A new film from LSE's Centre for Economic Performance shows how income and wealth inequality in the UK are higher than most people think they are and higher than they think they should be.
Using infographics, the film Inequality in the UK illustrates that the richest one per cent of households in the UK earns around 150 times more than the poorest one per cent of households.
However, there is even greater inequality in wealth than in incomes, with the top one per cent of households owning 13 per cent of the country’s wealth.
Three quarters of people in the UK think these levels of inequality are too high. Yet the difference between the richest and the poorest in the UK is increasing.
The film looks at how inequality has changed since the 1950s. It is getting much harder for people to move up the social ladder. For example, a child born to a family in the bottom quarter of earners in 1970 had much less chance of ending up as a top earner by the time they were 30 (13 per cent) than a child born in 1958 (17 per cent).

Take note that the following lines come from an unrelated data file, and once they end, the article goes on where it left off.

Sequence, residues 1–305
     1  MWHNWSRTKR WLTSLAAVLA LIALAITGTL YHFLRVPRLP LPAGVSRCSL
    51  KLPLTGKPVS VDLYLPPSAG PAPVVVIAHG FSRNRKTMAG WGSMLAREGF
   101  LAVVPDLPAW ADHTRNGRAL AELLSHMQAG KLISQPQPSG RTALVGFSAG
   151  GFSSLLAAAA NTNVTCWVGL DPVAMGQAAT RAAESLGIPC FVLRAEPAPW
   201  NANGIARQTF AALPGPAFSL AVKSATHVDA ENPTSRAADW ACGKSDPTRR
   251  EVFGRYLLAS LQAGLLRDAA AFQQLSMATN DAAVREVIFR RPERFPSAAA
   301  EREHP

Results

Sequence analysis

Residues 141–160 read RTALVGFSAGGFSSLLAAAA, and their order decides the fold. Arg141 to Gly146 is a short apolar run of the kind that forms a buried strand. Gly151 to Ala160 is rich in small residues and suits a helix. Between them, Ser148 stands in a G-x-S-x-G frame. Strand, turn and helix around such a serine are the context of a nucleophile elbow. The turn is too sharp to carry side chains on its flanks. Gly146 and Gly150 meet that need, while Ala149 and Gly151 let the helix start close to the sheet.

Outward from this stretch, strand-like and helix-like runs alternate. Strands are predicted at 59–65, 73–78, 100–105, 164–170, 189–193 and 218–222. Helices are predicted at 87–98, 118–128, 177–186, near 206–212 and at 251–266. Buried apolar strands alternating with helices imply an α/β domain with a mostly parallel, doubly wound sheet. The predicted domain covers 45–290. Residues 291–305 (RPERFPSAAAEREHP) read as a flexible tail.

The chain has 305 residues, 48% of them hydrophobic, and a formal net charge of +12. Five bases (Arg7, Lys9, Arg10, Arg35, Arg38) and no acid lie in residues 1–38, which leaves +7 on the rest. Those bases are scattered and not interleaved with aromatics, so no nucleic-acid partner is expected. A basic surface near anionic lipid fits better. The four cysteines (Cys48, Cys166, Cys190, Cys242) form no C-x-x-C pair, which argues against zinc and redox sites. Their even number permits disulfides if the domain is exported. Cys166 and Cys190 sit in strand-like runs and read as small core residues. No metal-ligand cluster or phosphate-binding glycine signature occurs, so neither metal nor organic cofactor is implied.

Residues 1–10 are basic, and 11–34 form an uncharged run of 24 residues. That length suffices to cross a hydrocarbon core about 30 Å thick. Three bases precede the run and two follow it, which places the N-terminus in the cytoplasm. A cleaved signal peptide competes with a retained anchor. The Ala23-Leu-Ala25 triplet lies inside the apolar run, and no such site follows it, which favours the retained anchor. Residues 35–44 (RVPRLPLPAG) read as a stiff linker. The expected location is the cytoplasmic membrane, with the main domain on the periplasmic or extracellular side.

The film is produced for CEP by Econ Films. It draws on primary CEP research, as well as data from the Office for National Statistics, British Household Survey and research from the Institute for Fiscal Studies.
Posted 1 May 2014